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Efficiency of a Four-Step Engine

Patrick Ford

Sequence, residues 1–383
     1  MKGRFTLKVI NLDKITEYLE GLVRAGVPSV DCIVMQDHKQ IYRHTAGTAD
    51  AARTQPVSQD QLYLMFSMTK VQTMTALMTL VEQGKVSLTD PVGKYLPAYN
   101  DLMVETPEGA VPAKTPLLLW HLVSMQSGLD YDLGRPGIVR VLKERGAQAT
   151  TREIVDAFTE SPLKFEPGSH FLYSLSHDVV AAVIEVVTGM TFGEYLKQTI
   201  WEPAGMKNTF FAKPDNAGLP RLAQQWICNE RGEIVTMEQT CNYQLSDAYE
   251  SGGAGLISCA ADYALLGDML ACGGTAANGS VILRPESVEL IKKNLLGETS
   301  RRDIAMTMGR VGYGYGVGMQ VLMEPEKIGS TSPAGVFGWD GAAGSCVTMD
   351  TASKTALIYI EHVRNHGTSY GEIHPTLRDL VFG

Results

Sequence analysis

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Hey, guys, let's do an example. Ah, Proposed four step engine is produced when, in moles of a mono atomic ideal gas undergo the process shown in the following PV diagram. What would the efficiency of the engine be? Okay, The efficiency is given by the work output by the engine divided by the heat. Input it into the engine. Remember, there are two heats in a cyclic process and an engine. There's going to be amount of heat input it, which is gonna be positive heat and amount of heat output, which is gonna be negative heat. Okay, the work is easy to calculate. The work is just the area contained by the cycle with the appropriate sign. Now first, could this even be an engine? Yes, it can. It's a clockwise cycle, right? So it's absolutely an engine. Okay. The area is going to be the base times height, because it's just a rectangle. This is gonna be to you. Not this is gonna be one half peanut. So this is to V not one half peanut, right? That too, and that one have canceled. This is just peanut Vienna, and this is absolutely gonna be positive. It's gonna be positive. Right? Energy released. Bye, Engine. Okay, that's so that's just the work done by the engine. Now, in order to find how much heat is input, we have to analyze the steps individually. Okay, I'm gonna call this step one this step to this Step three and this Step four. Okay. Now, something important to know about P v diagrams. And you can show this for yourself if you want Is that when the process is going up into the right, the heat is always input into the system. So in process one and process to heat is gonna be added into the system. Okay. So cue was going to go in when the process is down or to the left. Heat is always leaving the system. All we need to know is how much he enters the system, right? This how much he enters the system. So we only have to look at steps one and two. You can use the same method, the same process that I'm using here to analyze steps three and four and show that the heats always gonna be leaving in those steps. Okay, for step one. First of all, the work is always going to be zero, because this is an isil coric process. This means that the first law of thermodynamics, which says the change in internal energy is the heat transferred. Plus, the work done just means sorry. Wrong color. It just means that the heat transferred is the change in internal energy four. Step one. Okay. Now, the internal energy off any ideal gas is f over to in our t an equation that we used a bunch of times because this is a model atomic ideal gas. The number of degrees of freedom is simply 31 for each translational directional. Now, the change in internal energy is what we're interested in. And this is gonna be free has in our delta t we're talking about in moles simply changing its state. There's no heat coming into the city. Sorry. There's no gas coming into the system. No gas leaving the system. So the only thing that changes when the internal energy changes is the temperature. So the temperature is the only thing that gets this delta. The question is, what is the change in temperature? Okay, Well, PV was nrt The ideal gas equation is gonna tell us how the temperature changes as the gas changes state. This is going to tell us because the volume is a constant. This is an I support process that V Delta P is in our delta T. The change in the left side is due entirely to a change in pressure. The change on the right side is due entirely to a change in temperature. So Delta T is v Delta p over in our now plugging that in two Delta U. Okay, okay, right. So I could say Delta t one is equal to this. This equals three halves in our times, V one Delta P one over in our okay. Notice that the n r in the numerator and then are in the denominator. Cancel. So this is three halves V one Delta P one. Okay, which is three halves. What's the volume for step one? It's just V not. What's the change in pressure and step one from peanut. It's from one half peanut too peanut. Okay, so this is just one half peanut. So this becomes 3/4 peanut Vienna. Okay, that's the change. Internal energy for step one and by the first law of thermodynamics. Therefore, the heat exchange in step one, which is Delta U one, is going to be positive. 3/4 Peanut Vienna. Okay, it's very important that the heat is positive because we're only looking for heat input into the gas. We're not looking for heat. Output it by the gas. Okay for step two, the pressure doesn't change for Step two Delta P zero. Okay, but Delta U is still equal to Q plus W. However, we do know that at constant pressure, W is equal to negative. P Delta V Okay, so this is for Step two. What's the pressure at Step two? It's just peanut, right? What's the change in volume? It's three v not minus two v. Not sorry, minus V not which is going to be positive to be not so this is negative. Two. Peanut Vienna, right? This is positive to Vienna. Okay, so that's how much work is done during step to now. What's the change in internal energy during step to? Well, it's still three halves in our delta t during step, too, right? What's Delta T during step to? Well, PV equals in our tea pressure does not change on Lee. The volume changes so we have peed Delta V equals in our delta t So p two Delta V two equals in our delta t two right in our delta T too, is this whole right portion. So Delta U two is three halves p two Delta V two, which is three halves peanut, right, The pressure for step two times once again the same change in pressure that we found here. So this is just three peanut V. Not so by the first law of thermodynamics. Hugh during Step two is just Delta U two minus w, which is three peanut V not minus negative to peanut V not which is five peanut Vienna. Okay, so for the cycle Sorry, The heat the total heat input during the cycle is just the heat input during steps one and steps to because steps three steps Step four release heat. Okay, so the amount of heat inputs just during step one Step two Step one had 3/4 peanut Vienna and Step two had five Peanut Vienna. If we find the least common denominator, this is 3/4 if you're not plus this common denominators. Four. This is 20/4 Peanut Vienna. So that's 23/4 Peanut Vienna. Okay, and what's the work done by the cycle we calculated it to be Peanut Vienna. This means that the efficiency, which is just the work over the amount of heat input, is peanut peanut over 23/4 Peanut view, not those peanut peanut's canceled. And finally, the efficiency is 4/23. Now 4 23 is an exact answer, and you can leave it like that if you want. Or you can approximate a number 0.174 which is 17.4%. So this engine actually has an incredibly low efficiency Onley 17.4%. Other engines can have much, much, much higher, um, efficiencies, right? I showed a case in an earlier problem where car, not engine, had an 80% efficiency when it was placed between a reservoir of 1000 Kelvin and a reservoir of 100 Calvin. This 17.5% efficiency sort of leaves a lot to be desired, but this is an application of the first law of thermodynamics on heat engines and how to find the efficiency using a PV diagram which could be very useful. Alright, guys, that wraps up this problem. Thanks for watching